Discharges in emergencies
Maritime discharges of oil and noxious liquid substances during emergencies and pollution response situations.
You must be aware of the laws and requirements on maritime discharges of oil, oily mixtures and noxious liquid substances (NLS) during emergency situations and when responding to certain pollution incidents.
Australia generally prohibits discharges from vessels into the sea of oil, oily mixtures and NLS, discharges of these substances are permitted under specific circumstances. It's important that you are aware of these circumstances and requirements if you are in an emergency or response situation.
Australian arrangements and law
Australia has implemented the International Convention for the Prevention of Pollution from Ships (MARPOL), which prohibits discharging oil, oily mixtures, and NLS from a vessel into the sea except under specific circumstances. The Protection of the Sea (Prevention of Pollution from Ships) Act 1983 allows an oily mixture to be discharged to minimise the damage from pollution when the action has been approved by AMSA.
Approval by AMSA will be specific to a particular incident.
A form is not required but a full explanation of the situation will assist the person assessing the situation, including:
- who and why—the vessel, the incident and the applicant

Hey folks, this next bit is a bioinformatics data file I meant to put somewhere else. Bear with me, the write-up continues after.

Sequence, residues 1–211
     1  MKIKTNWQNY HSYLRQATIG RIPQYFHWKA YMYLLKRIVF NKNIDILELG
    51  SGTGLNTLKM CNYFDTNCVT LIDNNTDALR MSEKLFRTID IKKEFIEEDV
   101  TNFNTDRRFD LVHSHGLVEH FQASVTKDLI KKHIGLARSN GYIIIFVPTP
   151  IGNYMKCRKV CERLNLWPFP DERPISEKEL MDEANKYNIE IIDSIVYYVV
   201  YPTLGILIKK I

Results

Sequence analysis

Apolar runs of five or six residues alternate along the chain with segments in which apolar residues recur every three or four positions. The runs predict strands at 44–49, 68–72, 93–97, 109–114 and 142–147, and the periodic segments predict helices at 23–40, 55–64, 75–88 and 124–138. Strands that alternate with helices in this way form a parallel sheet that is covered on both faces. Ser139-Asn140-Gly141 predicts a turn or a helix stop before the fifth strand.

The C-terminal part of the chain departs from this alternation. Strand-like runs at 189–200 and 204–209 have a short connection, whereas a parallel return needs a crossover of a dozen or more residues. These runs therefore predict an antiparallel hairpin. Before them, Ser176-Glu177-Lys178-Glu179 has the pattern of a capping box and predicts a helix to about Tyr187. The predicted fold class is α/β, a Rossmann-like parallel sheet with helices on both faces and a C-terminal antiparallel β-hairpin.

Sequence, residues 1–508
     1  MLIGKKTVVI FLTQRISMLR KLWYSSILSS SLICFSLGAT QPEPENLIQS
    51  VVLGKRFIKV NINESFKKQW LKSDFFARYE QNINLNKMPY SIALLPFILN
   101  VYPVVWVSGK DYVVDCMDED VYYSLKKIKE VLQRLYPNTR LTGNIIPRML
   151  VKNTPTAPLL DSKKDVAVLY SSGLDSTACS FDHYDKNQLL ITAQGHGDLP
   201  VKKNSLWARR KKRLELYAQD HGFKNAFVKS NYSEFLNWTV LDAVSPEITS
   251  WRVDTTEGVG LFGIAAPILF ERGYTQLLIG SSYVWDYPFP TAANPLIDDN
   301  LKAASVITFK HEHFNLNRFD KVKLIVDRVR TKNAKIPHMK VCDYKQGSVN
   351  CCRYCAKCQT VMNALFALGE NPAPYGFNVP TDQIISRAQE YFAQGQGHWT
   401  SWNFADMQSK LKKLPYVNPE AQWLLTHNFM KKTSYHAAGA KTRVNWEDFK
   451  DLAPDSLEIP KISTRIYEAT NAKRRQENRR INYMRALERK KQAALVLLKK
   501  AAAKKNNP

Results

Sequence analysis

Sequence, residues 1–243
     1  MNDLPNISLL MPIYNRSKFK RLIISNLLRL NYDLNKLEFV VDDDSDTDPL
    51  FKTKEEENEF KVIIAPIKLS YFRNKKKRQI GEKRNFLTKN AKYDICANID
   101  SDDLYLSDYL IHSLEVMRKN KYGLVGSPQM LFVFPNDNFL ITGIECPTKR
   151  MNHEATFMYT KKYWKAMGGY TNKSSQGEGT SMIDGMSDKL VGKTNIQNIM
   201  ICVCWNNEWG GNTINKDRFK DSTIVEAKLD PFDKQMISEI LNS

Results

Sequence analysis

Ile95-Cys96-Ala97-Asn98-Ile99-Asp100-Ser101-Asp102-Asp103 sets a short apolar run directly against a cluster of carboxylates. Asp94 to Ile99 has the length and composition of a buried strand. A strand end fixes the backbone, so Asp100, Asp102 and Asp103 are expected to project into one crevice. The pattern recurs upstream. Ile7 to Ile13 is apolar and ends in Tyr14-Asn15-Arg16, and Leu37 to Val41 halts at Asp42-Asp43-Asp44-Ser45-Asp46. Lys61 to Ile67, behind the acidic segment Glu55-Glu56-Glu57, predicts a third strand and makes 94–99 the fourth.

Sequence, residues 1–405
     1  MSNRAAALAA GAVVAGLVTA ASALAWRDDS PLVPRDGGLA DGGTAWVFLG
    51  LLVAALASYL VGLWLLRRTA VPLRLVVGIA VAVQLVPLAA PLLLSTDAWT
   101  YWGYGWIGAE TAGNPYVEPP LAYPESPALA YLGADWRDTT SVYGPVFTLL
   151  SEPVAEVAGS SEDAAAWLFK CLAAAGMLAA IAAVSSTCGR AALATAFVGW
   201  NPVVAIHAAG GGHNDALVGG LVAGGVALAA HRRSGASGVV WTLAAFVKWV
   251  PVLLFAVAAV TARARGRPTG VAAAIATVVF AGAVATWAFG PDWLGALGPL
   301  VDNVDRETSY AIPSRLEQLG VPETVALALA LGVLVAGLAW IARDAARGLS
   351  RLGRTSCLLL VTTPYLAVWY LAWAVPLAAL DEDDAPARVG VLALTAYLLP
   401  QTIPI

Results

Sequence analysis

- what—the planned response operations that require the oily water discharge
- how—the state and capability of the ship as a response platform
- result—the expected discharge volumes or rates.
This applies to all Australian waters except where the state or territory has its own legislation.
Discharge of oily water into the sea from land-based activities and facilities
Discharge from a land-based storage facility (tank, container, drum, etc) to the sea is subject to the specific pollution laws of the local jurisdiction (Commonwealth, state or territory).
There are technologies which can separate water from oil to make sure each is disposed of appropriately.
In remote areas oily water storage and waste oil may be a problem. Plan ahead to minimise any logistical and infrastructure issues.
There are oily water disposal methods that allow oily water to be discharged to land (eg land-farming) or to the sea. These methods may involve risks or lead to environmental impacts and are likely to require regulatory approval by the relevant authority before implementing. This will usually be the state or territory environment protection agency.
- Fact sheet: ship pollution regulations
- MARPOL Annex I regulation 4 (exceptions)
- MARPOL Annex II regulation 3 (exceptions)
- Protection of the Sea (Prevention of Pollution from Ships) Act 1983
- Protection of the sea conventions and legislation
- Summary of discharge standards for ships and smaller vessels operating in Australian waters: MARPOL and local requirements